The premium paid for nearby white sugar onfutures markets has rocketed, despite a growing glut, and traders said this was largely due to Mexican exporters struggling to obtain the bags stipulated by delivery requirements.
The premium of the Liffe August white sugar contract over October has shot up to around $9.50 per tonne LSU-1=R on Tuesday from a discount of around $4 in mid-May.
“The August London is like a beacon of bullishness in a sea of bearishness,” a European trade source said, referring to a mounting surplus of sugar now entering the international market, mainly from Brazil, that drove ICE raw sugar futures to a three-year low of 16.37 cents per lb on Tuesday.
As well as concerns over delivery of Mexican sugar, which were not universally shared by European traders, buying in May linked to the Muslim festival of Ramadan had contributed to the surging premium for nearby supplies, traders said.
Mexico produced such an unusually huge surplus of sugar this year that it has had to turn to the international market and made the first delivery of Mexican refined sugar in more than 20 years against the expiry in mid-April of a Liffe futures contract.
The delivery against the expiry of the Liffe May contract of 267,650 tonnes included 30,000 tonnes of Mexican sugar.
But traders this week talked of “challenging” and “nightmarish” shipments from Mexico due to reported logistical problems, such as inadequate quality of bags that might make the sweetener impossible to deliver to buyers.
“People are nervous about being caught with non-deliverable sugar,” another European trader said.
Javier Pedraza, an analyst with Mexico’s national sugar council CONADESUCA, denied that there were known delays to shipments including those from port terminals in the country’s eastern Veracruz state, a conduit for white sugar exports.
“No logistical problems have been reported,” said Pedraza. “The production of sugar is proceeding normally.” He added that the council was unaware of any specific bottlenecks for shipping out of ports in Veracruz state.
Other European traders said Mexican logistical problems were exaggerated, as there had been sufficient time to import bags from Europe to Mexico under the terms of the delivery.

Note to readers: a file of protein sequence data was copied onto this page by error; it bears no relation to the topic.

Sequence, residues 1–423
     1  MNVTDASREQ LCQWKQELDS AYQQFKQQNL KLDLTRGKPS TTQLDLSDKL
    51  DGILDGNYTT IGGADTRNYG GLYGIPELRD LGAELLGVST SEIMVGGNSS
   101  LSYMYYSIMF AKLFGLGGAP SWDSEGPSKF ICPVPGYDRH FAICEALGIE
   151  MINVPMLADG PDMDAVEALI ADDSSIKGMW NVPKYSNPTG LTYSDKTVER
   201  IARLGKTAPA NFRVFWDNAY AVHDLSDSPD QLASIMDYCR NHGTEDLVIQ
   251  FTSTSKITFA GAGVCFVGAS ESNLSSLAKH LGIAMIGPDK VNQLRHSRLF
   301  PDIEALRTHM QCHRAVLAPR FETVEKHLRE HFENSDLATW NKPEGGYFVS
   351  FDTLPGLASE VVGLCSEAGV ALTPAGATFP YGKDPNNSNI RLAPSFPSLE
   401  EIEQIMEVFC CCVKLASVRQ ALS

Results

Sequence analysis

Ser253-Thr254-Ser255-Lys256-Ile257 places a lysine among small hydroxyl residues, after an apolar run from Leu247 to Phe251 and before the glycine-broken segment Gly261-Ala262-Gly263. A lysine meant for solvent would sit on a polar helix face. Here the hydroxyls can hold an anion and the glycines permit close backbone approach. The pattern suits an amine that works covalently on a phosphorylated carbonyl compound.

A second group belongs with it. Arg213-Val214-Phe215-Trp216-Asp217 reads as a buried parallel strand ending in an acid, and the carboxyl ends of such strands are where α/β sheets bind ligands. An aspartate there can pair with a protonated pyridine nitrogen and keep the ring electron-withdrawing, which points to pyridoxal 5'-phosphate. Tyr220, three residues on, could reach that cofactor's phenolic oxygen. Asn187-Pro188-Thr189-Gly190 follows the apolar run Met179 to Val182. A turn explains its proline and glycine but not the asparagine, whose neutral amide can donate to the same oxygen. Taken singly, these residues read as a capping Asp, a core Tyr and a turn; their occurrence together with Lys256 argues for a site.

There are only two factories in Mexico that can produce the 160 gm inner-lined bags that are required for delivery, a European trade source said.
The Mexican sugar for delivery is currently packed in either 80 gm laminated pp bags with no inner liner or in vast “super sacks” which do not meet delivery specifications either, the source added.
“There has been some talk of shipping bags from Europe, but it seems that even when the bags are available, it is quite slow to repack the sugar,” the source said.
Traders were nervous over prospects for mills in Mexico to deliver sugar on time, and one source reported complaints that sugar was arriving “hot” at the ports, meaning that it was heating up in trucks while they waited to discharge.
This could lead to “caking” or lumpiness of the sugar.
“The mills are optimistic that they can speed up loading logistics in general, but there is a lot of competition for warehousing and berths at the ports,” the source said.
The Mexican sugar is finding markets in West Africa and in the Middle East and North Africa, muscling into markets for 150-ICUMSA (medium quality) Brazilian white sugar, traders said.
European traders believe some 500,000 tonnes of sugar may have been booked for destinations beyond the United States.
Some traders say Mexican mills may want to keep sugar back in case U.S. prices pick up in the new crop year.
But others doubt this because Mexico is likely to have another big crop next season, meaning that mills will want to lock in sales sooner rather than later.